Strolling Around Prague

Charles Bridge in Prague
Portal from the Charles Bridge in Prague. The Vltava River flows underneath while rivers of tourists flow over it.

Here’s a mostly-random, not-at-all-comprehensive collection of pictures taken while wandering around the old city of Prague in the Czech Republic this week with Claudia, her sister, and her sister’s boyfriend. Good times!

St. Vitus Cathedral, Prague
St. Vitus Cathedral, in the Prague Castle, was founded in 1344 and finally completed in 1929, nearly 600 years later.
Museum of Communism poster, Prague
We didn’t actually visit this museum, but did manage to see two Alphonse Mucha exhibitions – one of my favorite printmakers and artists of all.
Free Wifi, Great Beer
Not actually free, but there’s no shortage of great cheap beer to be had in Prague!
Park in Prague
Although I’m always impressed by the architecture and history of European cities, my favorite spots always tend to be the parks. Prague has a big park above the town, a quiet place to relax and escape the hustle and bustle for a while.
Trdelnik sweet bread
Trdelnik sweet bread, wrapped around a spit and roasted over coals. Delicious… and mesmerizing!
Birds over Prague
Birds fly over a tower at the Charles Bridge in Prague.
Sunset in Prague
Sunset in Prague

7 thoughts on “Strolling Around Prague

  1. Hi Jack & Claudia & the other two;

    I hope this still catches you in Prague, my old hometown; Web cafes are on every corner. I found you tnx to the Web/Google while looking up shots from the Wind Rivers. I am an American now, live in UT & am a die-hard ski-bum, backpacker & desert-rat. BTW, CO is my ‘home-state ‘ & I dig the San Juans. If you’re still in Prague, watch out for the pickpockets on streetcar #22, Gypsies (Roma) & many other rip-off artists. The same goes for any big EU city, just like here, in the US. Otherwise, have fun in the Alps (I’ve lived 12 years in “CH”) & don’t skip (but ‘Czech’ out) the Swiss part of them. If you’d like, I send you some tips, lemme know. The shot of the Soviet ‘babushka’ doll w/ the canines is priceless; I escaped the Soviet tanks to Luzern, CH. My creed is: “Rather free in want than rich in servitude.”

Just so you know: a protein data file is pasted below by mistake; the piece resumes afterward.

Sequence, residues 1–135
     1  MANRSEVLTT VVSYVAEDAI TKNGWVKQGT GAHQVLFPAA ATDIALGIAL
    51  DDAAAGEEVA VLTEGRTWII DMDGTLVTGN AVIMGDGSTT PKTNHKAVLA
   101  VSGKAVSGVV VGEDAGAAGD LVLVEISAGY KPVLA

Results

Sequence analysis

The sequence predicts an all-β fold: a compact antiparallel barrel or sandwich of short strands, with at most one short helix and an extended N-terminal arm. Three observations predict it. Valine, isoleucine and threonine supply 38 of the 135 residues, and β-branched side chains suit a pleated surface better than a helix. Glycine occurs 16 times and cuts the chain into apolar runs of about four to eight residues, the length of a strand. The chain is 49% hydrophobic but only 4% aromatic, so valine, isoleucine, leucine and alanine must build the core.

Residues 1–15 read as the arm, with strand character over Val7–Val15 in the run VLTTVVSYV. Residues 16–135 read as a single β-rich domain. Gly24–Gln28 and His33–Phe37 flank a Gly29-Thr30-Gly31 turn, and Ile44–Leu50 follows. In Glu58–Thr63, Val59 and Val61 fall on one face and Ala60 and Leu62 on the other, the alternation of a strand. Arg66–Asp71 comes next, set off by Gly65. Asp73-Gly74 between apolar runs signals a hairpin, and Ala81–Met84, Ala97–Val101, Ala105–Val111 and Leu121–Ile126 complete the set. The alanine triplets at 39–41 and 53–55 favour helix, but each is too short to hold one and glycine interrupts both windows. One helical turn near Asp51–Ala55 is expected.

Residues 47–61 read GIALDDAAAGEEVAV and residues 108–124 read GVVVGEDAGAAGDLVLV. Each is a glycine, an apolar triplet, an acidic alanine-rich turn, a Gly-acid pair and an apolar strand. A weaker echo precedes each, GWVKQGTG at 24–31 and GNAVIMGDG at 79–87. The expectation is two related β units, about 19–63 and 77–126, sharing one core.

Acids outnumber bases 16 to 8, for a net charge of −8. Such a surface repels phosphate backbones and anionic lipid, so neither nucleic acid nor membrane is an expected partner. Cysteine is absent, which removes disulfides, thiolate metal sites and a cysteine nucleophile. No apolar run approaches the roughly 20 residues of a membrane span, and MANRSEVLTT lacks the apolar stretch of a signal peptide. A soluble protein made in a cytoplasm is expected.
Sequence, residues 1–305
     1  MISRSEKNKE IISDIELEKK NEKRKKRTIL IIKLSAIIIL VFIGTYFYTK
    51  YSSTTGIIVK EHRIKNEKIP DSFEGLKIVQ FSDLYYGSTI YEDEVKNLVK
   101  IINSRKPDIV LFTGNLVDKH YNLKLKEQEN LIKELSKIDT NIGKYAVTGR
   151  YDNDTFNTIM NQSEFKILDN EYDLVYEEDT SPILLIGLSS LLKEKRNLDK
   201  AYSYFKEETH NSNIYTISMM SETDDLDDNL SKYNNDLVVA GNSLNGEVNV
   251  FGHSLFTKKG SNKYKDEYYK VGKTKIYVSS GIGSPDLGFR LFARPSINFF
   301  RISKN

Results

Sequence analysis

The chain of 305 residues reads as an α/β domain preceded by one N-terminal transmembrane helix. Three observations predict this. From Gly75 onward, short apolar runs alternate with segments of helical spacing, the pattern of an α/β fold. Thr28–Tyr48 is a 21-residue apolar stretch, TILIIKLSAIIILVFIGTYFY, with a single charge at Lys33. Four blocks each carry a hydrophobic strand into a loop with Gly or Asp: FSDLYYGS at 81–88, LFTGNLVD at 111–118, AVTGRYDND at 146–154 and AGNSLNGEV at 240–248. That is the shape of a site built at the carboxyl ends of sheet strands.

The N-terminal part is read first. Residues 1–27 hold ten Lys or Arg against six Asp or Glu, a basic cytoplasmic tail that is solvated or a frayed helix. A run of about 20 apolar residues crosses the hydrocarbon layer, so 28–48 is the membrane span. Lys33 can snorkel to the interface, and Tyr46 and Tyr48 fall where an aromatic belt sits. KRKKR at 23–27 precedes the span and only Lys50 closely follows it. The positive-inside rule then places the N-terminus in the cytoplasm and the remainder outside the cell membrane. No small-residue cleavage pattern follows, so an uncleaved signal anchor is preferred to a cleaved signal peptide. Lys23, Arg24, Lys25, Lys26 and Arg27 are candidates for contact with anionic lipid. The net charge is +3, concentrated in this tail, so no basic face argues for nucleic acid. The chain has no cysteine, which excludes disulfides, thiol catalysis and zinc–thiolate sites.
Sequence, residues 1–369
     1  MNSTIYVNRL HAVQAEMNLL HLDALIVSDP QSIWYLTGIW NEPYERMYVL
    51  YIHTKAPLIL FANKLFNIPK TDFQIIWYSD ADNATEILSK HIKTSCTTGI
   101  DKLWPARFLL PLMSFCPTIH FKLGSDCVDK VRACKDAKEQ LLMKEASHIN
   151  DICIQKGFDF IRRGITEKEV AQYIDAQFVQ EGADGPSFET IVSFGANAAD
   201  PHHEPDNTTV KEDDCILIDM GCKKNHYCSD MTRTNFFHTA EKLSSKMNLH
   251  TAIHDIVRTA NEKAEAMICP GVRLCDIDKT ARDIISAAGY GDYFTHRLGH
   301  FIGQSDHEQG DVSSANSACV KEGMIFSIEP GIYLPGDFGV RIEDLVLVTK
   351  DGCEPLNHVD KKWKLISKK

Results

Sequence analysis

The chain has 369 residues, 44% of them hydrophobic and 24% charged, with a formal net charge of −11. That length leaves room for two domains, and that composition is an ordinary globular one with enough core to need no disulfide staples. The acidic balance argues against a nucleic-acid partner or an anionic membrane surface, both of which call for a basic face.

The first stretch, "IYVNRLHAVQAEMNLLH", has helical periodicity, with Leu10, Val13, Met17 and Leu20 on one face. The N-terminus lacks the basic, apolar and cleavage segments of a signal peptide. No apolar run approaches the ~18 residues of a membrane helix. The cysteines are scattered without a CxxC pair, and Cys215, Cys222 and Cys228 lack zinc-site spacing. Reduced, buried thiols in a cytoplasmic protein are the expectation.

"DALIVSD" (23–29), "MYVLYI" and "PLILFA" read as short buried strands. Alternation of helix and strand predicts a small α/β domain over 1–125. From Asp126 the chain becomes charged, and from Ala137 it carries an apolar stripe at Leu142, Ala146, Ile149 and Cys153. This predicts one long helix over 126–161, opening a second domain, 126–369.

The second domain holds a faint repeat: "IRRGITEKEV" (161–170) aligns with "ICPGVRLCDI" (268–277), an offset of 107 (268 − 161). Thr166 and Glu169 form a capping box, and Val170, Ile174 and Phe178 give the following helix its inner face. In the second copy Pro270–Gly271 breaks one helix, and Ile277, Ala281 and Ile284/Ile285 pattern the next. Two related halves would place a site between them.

Is the St. Vitus ceiling a composite shot? Otherwise, shooting the huge stained glass windows in EU Gothic cathedrals ain’t easy.
    Also, meine Jungen, habt Spass auf den Schnellzuegen in der alten Welt und vor allem auf den Graten und Gletschern in den Alpen. Und, die Bernardiener tragen keinen Rum mit. Claudia will translate for you. 😉

    Bon voyage,

    Robert of Prague

    1. Hi Robert, thanks for your message! We had a great time in Prague. I posted this after returning to Germany so unfortunately didn’t get your tips in time, but fortunately had no issues with pickpockets or other scammers.

      The cathedral pano shot was from about 8 – 10 horizontal shots (35mm length) stitched together in Autopano Pro. I shot them handheld at a high ISO for a fast enough shutter speed to prevent blur. Alignment during framing was actually pretty easy since the church architecture has clear center “marks” the whole way! I probably looked pretty silly like I was doing the limbo when shooting upside down over my head behind me!

      As for Switzerland, I actually spent 4 months there during the winter a few years ago – mainly based in Engelberg. You can see more from that time here: Not sure if we’ll make it there this summer, but we’ll see. There’s so much to see in the Alps!!!

      Take care,

      1. Hey Jack & party;

        Good to hear from you. Your shots from Engelberg brought back memories from long ago. For 23 years, though, I’ve been hooked on the deep & steep fluff in Alta/Bird. Easier to get to that, say, A-Basin, Highlands, etc. in CO. I’m heading there tmr to escape the 100 dgr heat & enjoy the gorgeous wild flowers in the Albion Basin.
        BTW, you wouldn’t have a pano shot of the Sistine Ceiling, would you?

        Have fun in them thar Alps & say hi to the Ibexes & chamois there.



  2. I was surprised how enjoyable it is just to wander around the European cities, and it is free to look at the buildings, then stop at a cafe for food and beverage of choice and just watch the world go by.

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